For Immediate Release
APHA’s Annual Meeting to Feature PHR Experts
Cambridge, Mass - 10/19/2011
At this year’s American Public Health Association’s annual meeting in Washington DC, PHR experts will present on a number of topics, including the Millennium Development Goals, the health of displaced populations and refugees, and medical neutrality in Bahrain.
PHR’s Asylum Program Director, Christy Fujio, will be featured in two separate panel discussions:
Populations & Refugee Health
Monday, October 31, 2011: 2:30 PM
Mandatory detention in US immigration centers can compound health problems for immigrants who are already suffering from chronic health conditions due to persecution in their countries of origin. The immigrants may spend significant periods in detention, receiving sub-standard medical care and/or having difficulty accessing necessary physical and mental health services. Those unable to legalize their immigration status often experience rapid, substantial, and sometimes irreversible deterioration of health. However, health professionals who provide forensic medical evaluations to victims of human rights abuses can play a critical role in helping legalize their status so that they can re-build their lives and begin healing in the U.S.
the U.N. Millennium Goals in advancing women’s health and human rights
Tuesday, November 1, 2011: 8:30 AM
Sexual and gender-based violence is a global public health epidemic, particularly in Africa. Tens of thousands of women and girls have been and continue to be sexually assaulted and raped by government troops, rebel forces, and civilians. Perpetrators are rarely, if ever, punished. Such impunity reinforces a value system that silences and subordinates women and girls. Without justice and redress for survivors of sexual violence, fulfillment of MDG 3 (gender equality) is impossible. Physicians for Human Rights has recently launched a project that builds capacity of local health, legal, and law enforcement professionals in their efforts to collect evidence to prosecute perpetrators of sexual violence. Such prosecutions, combined with medical and psycho-social services for survivors, will heal and empower women and promote gender equality in their communities.
PHR’s Deputy Director, Richard Sollom, will be featured in a panel discussion:
Human Rights Under Oppressive Governments
Tuesday, November 1, 2011: 2:30 PM’
Physicians for Human Rights investigated severe violations of medical neutrality in Bahrain in April 2011 and in Libya in June and September 2011. Medical neutrality ensures the protection of medical personnel, patients, facilities, and transport from attack or interference; unhindered access to medical care and treatment for all; the humane treatment of all civilians; and nondiscriminatory treatment of the injured and sick. Panel participants will identify the linkages between professional medical ethics, human rights law, and international humanitarian law, and compare current violations of medical neutrality in Bahrain with those occurring in the rest of the Middle East/North Africa (MENA).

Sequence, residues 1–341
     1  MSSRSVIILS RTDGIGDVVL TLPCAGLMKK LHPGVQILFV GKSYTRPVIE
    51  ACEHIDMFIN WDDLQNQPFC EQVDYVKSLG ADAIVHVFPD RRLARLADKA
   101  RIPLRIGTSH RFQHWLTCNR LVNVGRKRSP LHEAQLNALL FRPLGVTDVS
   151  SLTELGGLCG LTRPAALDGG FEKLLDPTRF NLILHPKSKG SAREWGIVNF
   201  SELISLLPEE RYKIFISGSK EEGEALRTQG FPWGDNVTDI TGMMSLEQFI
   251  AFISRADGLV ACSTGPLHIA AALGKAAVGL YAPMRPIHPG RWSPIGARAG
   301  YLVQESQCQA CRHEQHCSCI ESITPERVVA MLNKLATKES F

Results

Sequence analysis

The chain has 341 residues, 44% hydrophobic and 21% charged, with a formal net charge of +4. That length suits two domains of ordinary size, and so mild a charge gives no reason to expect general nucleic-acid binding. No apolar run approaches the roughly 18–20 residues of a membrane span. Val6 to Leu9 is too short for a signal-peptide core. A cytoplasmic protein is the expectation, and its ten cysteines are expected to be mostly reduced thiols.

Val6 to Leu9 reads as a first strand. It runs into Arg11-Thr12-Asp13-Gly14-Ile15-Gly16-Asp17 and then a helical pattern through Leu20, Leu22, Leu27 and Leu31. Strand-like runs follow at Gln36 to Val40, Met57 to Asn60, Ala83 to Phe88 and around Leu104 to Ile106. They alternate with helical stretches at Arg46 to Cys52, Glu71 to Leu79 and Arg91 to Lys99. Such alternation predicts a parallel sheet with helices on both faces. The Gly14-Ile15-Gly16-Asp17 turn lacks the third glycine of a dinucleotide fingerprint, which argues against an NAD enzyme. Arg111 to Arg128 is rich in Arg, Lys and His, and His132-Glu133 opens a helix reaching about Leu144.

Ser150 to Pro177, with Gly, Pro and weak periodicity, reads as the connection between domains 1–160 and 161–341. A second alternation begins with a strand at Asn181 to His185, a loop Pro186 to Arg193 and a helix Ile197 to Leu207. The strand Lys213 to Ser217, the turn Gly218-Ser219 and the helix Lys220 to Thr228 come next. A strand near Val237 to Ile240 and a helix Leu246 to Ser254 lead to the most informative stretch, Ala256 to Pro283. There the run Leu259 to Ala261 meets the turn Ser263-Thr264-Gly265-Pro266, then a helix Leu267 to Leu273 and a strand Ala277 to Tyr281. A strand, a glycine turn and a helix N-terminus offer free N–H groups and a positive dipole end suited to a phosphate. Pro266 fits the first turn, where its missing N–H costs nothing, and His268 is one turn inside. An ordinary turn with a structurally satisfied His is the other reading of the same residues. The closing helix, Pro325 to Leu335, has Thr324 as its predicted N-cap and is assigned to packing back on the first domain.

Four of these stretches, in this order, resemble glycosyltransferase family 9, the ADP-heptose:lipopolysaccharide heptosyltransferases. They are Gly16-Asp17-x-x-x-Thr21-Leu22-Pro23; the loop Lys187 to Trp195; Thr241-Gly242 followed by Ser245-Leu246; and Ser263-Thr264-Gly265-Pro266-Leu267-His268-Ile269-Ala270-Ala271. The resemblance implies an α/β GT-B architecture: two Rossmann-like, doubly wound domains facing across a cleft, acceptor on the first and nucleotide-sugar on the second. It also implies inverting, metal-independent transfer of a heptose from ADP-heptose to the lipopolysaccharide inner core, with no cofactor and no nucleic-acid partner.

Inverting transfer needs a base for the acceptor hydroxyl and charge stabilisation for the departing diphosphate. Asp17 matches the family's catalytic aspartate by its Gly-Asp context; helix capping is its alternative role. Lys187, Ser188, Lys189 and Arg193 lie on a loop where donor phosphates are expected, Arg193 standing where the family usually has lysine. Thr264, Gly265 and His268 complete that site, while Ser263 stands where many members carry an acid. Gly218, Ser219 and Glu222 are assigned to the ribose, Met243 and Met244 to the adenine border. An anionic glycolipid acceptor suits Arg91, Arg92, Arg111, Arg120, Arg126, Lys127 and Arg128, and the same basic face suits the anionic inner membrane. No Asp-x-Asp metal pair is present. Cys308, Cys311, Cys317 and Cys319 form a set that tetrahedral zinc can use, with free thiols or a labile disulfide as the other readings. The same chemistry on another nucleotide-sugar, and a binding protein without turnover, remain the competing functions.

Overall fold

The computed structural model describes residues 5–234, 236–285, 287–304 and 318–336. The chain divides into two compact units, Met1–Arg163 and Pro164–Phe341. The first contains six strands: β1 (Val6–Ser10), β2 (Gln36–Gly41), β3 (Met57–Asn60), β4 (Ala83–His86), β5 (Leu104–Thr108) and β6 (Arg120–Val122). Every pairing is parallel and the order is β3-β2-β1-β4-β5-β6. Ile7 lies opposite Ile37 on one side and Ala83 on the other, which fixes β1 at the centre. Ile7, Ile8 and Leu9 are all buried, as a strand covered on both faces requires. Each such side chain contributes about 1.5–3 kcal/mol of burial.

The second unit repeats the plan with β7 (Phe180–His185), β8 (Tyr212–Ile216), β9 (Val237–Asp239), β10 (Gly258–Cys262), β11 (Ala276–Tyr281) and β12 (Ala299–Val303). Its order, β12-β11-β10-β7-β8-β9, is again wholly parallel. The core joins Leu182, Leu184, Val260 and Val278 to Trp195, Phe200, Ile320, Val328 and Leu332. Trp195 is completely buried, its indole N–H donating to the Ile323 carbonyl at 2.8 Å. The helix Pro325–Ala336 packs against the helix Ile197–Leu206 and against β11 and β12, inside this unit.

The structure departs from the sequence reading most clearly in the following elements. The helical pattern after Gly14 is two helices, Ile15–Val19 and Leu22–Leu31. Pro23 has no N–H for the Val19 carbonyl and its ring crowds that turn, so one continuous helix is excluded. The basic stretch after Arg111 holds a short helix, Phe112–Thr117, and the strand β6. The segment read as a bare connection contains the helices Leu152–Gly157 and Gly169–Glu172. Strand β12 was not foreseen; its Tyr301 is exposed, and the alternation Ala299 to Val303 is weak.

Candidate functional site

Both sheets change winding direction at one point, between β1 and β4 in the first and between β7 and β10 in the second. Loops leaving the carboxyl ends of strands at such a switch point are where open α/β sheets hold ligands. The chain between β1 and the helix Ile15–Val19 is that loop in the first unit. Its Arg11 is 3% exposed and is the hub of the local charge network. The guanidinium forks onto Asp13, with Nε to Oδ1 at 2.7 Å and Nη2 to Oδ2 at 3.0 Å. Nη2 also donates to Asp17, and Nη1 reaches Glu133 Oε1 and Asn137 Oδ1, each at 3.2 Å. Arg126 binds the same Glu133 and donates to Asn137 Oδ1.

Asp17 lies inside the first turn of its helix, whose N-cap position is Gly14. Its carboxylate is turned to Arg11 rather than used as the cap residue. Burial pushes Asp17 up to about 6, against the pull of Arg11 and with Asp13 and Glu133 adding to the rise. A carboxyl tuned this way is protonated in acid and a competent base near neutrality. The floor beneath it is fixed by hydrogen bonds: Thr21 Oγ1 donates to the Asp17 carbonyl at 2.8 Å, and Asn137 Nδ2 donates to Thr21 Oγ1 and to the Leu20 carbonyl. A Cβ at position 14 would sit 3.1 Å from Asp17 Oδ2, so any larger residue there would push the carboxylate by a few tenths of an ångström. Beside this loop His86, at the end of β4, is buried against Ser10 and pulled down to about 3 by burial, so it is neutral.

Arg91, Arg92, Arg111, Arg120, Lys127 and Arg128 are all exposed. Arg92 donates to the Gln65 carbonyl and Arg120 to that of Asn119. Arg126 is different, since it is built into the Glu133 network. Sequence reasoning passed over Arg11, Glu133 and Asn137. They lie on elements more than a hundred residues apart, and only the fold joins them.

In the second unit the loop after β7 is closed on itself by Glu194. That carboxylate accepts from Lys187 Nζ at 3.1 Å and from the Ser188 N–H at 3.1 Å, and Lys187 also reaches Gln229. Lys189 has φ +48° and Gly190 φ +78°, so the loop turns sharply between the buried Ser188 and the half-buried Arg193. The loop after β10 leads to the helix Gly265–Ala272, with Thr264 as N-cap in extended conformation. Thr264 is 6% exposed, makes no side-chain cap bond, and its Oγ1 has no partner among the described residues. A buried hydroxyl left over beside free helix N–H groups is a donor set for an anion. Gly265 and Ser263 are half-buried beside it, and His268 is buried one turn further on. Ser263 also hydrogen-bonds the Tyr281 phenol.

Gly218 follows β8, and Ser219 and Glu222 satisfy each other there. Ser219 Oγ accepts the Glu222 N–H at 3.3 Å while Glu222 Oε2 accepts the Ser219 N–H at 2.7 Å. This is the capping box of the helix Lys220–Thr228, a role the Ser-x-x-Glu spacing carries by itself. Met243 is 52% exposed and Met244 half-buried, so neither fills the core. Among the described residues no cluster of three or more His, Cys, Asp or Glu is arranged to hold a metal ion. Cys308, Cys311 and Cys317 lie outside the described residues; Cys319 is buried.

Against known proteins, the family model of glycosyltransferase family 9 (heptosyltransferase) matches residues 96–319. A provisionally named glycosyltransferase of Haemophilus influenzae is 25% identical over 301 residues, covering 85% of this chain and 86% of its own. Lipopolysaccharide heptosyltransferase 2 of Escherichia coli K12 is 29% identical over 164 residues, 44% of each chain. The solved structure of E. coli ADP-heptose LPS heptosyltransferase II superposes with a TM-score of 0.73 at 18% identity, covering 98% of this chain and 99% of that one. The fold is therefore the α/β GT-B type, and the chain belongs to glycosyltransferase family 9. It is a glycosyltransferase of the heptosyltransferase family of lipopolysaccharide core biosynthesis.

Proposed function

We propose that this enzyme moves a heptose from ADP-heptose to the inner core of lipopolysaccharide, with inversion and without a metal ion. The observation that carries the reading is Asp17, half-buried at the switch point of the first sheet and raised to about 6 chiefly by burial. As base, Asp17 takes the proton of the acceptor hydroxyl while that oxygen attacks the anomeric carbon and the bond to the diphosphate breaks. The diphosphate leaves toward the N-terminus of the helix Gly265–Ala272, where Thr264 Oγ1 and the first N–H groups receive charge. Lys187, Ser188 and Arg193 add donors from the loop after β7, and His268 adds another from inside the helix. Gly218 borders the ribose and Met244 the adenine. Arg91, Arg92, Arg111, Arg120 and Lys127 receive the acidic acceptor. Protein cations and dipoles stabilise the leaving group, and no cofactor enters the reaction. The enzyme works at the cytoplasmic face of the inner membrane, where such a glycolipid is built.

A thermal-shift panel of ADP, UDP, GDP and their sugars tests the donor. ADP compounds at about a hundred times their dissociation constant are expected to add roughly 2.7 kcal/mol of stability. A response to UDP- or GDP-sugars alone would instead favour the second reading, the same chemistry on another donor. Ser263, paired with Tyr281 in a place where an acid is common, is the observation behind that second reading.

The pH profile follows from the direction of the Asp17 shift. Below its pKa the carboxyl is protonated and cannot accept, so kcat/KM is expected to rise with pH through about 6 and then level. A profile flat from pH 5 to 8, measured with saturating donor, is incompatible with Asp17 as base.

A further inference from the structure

The APHA Annual Meeting & Exposition is the oldest and largest gathering of public health professionals in the world, attracting more than 13,000 national and international physicians, administrators, nurses, educators, researchers, epidemiologists, and related health specialists. APHA's meeting program addresses current and emerging health science, policy, and practice issues in an effort to prevent disease and promote health. The 2011 APHA Annual Meeting will be held at the Washington Convention Center, October 29- November 2, 2011.
For more information on the presentations or to speak with Fujio or Sollom regarding their presentations, please contact Megan Prock at mprock(at)phrusa.org.
Physicians for Human Rights (PHR) is an independent organization that uses medicine and science to stop mass atrocities and severe human rights violations. We are supported by the expertise and passion of health professionals and concerned citizens alike.
Since 1986, PHR has conducted investigations in more than 40 countries around the world, including Afghanistan, the Democratic Republic of the Congo, Rwanda, Sudan, the United States, the former Yugoslavia, and Zimbabwe.